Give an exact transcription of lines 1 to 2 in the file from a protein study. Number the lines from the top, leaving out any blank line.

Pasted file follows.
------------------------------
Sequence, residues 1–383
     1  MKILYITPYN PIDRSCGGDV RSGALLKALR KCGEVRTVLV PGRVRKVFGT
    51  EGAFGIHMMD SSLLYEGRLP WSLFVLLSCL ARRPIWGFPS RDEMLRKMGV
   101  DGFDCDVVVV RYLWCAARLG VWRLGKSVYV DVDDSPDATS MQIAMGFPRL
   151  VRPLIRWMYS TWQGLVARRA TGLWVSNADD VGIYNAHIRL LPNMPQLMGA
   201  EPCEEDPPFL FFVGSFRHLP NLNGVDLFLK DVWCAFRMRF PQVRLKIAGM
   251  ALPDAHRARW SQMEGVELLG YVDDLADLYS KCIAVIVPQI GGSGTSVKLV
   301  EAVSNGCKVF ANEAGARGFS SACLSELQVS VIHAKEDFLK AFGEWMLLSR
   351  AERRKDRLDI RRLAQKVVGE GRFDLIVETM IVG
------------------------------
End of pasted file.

Sequence, residues 1–383
     1  MKILYITPYN PIDRSCGGDV RSGALLKALR KCGEVRTVLV PGRVRKVFGT